Updated: Oct 30, 2017
My work improved significantly when I started shooting film.
Please tell us something about yourself, Jen, and your journey into film photography?
Jen: My name is Jennifer and I live in Austin, Texas with my college sweetheart turned husband, our super fun 2 year old daughter, and my first born - a 12 year old rescue pup! I am a creative manager by day and "retired" professional family photographer - taking a break to spend more time with my family.
I wish I knew exactly what it was that got me into film. I was a professional photographer for a year before I started dabbling it in. I bought a Lomography Diana+ and fell in love with it. I started experimenting more and more with it. Learned the difference between film types. And used my knowledge of digital photography to expand my film work. I learned a lot those first few months just be experimenting. Film sort of became my signature. Sure there were other film photographers, but not many. I became that girl who took her plastic camera or super old 35mm SLR everywhere. Now, I know no other way.
What type of film do you use and what camera do you use it with? Why do you prefer these?
Jen: I don't discriminate when it comes to film or cameras. That's the beauty of film, in my opinion. Every film looks slightly different - but put in different light, you'd be amazed. And cameras...I believe that each camera has an unique signature. My Diana+ holds a very special place in my heart because it's the camera that got me into film. So that one is high on my list. I also have a Canon AT-1 (SLR from the 70s) and I absolutely adore it.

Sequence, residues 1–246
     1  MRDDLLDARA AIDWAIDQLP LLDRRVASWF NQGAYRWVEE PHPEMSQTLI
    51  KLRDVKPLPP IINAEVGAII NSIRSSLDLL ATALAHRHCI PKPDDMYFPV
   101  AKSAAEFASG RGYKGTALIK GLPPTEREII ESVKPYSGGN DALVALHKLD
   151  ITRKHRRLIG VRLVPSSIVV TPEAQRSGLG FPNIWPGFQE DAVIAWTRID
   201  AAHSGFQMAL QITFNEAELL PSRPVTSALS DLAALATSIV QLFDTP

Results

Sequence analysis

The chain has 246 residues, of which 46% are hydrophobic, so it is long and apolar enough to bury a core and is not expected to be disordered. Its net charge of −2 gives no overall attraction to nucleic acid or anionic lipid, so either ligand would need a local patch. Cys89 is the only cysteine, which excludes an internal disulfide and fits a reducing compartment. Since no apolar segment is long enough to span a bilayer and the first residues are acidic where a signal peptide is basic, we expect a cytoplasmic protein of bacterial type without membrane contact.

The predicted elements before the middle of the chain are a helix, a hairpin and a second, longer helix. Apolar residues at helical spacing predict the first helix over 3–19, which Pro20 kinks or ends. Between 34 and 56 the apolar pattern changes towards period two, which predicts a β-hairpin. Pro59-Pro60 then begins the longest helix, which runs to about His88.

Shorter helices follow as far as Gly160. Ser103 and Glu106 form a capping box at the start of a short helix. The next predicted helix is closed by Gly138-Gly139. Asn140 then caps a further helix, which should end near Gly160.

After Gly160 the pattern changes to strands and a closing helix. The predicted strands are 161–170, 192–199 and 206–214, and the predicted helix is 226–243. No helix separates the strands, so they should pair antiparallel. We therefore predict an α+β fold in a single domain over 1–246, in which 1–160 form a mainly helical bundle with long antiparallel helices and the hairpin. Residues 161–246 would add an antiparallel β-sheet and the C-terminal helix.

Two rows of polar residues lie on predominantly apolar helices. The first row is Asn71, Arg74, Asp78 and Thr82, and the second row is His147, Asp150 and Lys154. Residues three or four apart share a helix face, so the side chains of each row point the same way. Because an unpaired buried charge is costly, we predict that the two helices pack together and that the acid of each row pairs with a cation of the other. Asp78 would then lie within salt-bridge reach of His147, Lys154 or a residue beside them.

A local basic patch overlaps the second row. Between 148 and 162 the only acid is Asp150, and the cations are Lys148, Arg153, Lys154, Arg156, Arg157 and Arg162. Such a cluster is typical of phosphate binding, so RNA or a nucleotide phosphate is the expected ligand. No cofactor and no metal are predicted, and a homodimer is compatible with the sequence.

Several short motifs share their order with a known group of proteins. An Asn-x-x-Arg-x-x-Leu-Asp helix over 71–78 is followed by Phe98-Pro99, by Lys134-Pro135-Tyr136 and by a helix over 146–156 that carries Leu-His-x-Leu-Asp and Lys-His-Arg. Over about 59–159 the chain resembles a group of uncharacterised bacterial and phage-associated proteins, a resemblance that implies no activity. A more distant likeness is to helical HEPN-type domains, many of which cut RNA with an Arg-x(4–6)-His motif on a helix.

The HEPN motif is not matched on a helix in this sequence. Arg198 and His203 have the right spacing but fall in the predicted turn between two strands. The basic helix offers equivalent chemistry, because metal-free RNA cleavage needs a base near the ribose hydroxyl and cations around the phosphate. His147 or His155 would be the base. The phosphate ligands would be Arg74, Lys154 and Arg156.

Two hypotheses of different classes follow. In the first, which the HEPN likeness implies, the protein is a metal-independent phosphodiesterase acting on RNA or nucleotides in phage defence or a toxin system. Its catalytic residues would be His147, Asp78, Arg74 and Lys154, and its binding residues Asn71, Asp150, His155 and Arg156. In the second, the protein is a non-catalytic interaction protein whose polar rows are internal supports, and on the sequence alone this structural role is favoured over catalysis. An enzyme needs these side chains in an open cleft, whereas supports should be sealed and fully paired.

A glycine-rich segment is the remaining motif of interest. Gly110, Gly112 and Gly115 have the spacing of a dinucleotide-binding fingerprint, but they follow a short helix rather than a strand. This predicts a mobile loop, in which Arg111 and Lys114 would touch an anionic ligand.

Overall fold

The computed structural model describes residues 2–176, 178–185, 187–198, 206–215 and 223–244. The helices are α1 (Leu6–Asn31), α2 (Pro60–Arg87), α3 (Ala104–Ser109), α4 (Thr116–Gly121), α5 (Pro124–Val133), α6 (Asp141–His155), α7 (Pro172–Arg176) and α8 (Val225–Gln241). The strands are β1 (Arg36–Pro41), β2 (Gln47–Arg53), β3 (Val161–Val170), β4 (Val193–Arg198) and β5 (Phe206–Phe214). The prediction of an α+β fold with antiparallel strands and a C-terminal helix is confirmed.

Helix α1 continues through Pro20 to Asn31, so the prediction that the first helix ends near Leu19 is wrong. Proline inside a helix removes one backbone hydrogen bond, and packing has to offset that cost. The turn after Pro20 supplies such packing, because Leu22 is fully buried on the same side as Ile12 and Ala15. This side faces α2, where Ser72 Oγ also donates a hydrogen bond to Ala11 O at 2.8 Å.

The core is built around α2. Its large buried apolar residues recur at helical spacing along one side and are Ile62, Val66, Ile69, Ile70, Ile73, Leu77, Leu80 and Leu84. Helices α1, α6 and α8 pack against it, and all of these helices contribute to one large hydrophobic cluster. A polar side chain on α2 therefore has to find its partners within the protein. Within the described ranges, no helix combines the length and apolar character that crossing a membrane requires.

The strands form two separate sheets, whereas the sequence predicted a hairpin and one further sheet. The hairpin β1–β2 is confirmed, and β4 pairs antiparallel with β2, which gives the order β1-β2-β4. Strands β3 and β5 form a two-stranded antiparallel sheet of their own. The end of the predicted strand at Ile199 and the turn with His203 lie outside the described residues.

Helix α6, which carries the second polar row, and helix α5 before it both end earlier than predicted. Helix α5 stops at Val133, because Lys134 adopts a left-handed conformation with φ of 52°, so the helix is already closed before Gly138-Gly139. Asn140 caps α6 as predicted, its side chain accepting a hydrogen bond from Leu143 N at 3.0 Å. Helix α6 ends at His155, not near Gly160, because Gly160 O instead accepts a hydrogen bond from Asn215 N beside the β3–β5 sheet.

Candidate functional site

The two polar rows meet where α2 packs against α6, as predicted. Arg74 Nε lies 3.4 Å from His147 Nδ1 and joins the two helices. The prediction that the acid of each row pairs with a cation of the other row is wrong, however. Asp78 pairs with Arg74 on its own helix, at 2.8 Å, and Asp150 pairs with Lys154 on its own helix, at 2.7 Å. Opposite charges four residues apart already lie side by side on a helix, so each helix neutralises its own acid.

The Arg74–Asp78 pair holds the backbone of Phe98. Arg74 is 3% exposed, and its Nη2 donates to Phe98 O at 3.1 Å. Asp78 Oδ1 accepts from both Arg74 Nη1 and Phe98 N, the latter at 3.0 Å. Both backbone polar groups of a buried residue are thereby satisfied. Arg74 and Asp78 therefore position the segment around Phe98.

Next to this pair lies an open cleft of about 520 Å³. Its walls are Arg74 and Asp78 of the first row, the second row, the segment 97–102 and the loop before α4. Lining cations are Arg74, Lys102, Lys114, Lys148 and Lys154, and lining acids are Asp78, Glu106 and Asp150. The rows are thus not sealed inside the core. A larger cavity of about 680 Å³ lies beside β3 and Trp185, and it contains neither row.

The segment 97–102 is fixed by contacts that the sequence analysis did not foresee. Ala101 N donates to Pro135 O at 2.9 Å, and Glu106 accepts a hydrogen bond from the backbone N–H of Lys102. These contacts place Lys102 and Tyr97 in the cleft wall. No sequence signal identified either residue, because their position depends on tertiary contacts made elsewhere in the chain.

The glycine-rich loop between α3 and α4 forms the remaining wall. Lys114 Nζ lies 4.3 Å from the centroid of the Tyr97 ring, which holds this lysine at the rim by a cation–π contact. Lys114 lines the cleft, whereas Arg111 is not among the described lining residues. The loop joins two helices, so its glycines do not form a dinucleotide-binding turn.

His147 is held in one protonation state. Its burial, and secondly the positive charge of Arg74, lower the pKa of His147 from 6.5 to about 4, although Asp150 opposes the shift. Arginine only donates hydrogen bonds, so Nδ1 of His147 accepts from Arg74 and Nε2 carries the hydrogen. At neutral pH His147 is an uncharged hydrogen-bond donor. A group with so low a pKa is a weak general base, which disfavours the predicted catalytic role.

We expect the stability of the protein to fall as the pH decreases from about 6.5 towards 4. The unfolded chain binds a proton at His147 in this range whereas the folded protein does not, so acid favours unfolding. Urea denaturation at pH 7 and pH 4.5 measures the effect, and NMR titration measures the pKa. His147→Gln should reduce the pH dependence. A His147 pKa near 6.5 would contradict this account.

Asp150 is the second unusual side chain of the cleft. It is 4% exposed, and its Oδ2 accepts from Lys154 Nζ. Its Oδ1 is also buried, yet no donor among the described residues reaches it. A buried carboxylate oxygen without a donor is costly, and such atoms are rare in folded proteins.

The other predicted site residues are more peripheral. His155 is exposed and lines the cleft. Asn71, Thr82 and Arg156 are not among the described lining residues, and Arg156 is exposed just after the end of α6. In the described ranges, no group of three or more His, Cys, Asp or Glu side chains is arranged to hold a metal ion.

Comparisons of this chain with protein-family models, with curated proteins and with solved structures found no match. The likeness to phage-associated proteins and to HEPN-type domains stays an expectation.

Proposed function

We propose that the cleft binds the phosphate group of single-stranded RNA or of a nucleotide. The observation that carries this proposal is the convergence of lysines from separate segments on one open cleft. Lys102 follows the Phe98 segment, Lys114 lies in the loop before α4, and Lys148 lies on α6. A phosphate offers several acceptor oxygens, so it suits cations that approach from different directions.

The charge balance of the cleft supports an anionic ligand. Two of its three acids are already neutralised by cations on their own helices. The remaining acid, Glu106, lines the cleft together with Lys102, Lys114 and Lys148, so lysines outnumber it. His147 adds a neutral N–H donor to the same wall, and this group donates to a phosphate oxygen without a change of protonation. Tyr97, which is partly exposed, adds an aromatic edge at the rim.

If I had to pick one type of film, it would be Lomography 400. I think it's very underrated film.
What do you think film has that digital doesn't have?
Jen: Soul. Film is dreamy. Film has life. It's complete as-is. And it's forgiving. Soft focus and over exposure work with film. And provide an entirely different element that you just can't get with digital - no matter how many presets you buy and tweak. With film - I don't edit my work. Ever. It doesn't need it. It's has depth and soul all on it's own. I know...I sound over the top, but it's truly how I feel about it.
Do you print your own photographs or are you comfortable having them printed in a lab?
Jen: I wish I was able to develop my own. I live in a little place in the city - so not a lot of room. But, the good news is I have a few labs I trust dearly. And thankfully, one of them is local, so I literally get to walk in and talk to them about it!
What motivates you to continue making photographs with film?
Jen: Oh goodness. I really know no other way of life. I'm a creative person by nature - so doing something with that creativity is part of who I am as a person. Literally my entire adult life, I've been documenting my surroundings on film. Film has definitely taught me a lot about myself. I've learned that while I live a lot of my life by the rules, when it comes to photography, I prefer not to. It's almost in a way my own version of rebelling?
Are there any photographers that influenced your way of making pictures?
Jen: I'm not sure. There are definitely photographers that I admire. But I don't know if my work has been influenced by them or not. I am influenced and motivated by other art: mostly music. When I hear a song or even a poem, sometimes I cant help but pull pieces of that feeling into my photographs.